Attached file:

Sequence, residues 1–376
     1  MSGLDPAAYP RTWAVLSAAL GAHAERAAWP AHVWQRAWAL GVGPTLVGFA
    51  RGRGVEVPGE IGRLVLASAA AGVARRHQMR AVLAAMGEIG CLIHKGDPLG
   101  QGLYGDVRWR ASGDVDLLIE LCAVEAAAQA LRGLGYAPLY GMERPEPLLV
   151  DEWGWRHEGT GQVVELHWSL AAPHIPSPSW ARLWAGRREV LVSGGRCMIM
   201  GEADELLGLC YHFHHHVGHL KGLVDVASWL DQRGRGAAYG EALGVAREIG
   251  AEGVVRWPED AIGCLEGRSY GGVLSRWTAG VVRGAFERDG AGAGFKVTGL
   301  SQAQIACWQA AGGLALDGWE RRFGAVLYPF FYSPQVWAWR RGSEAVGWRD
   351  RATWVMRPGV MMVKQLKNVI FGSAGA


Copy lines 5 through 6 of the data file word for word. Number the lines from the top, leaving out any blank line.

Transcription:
   151  DEWGWRHEGT GQVVELHWSL AAPHIPSPSW ARLWAGRREV LVSGGRCMIM
   201  GEADELLGLC YHFHHHVGHL KGLVDVASWL DQRGRGAAYG EALGVAREIG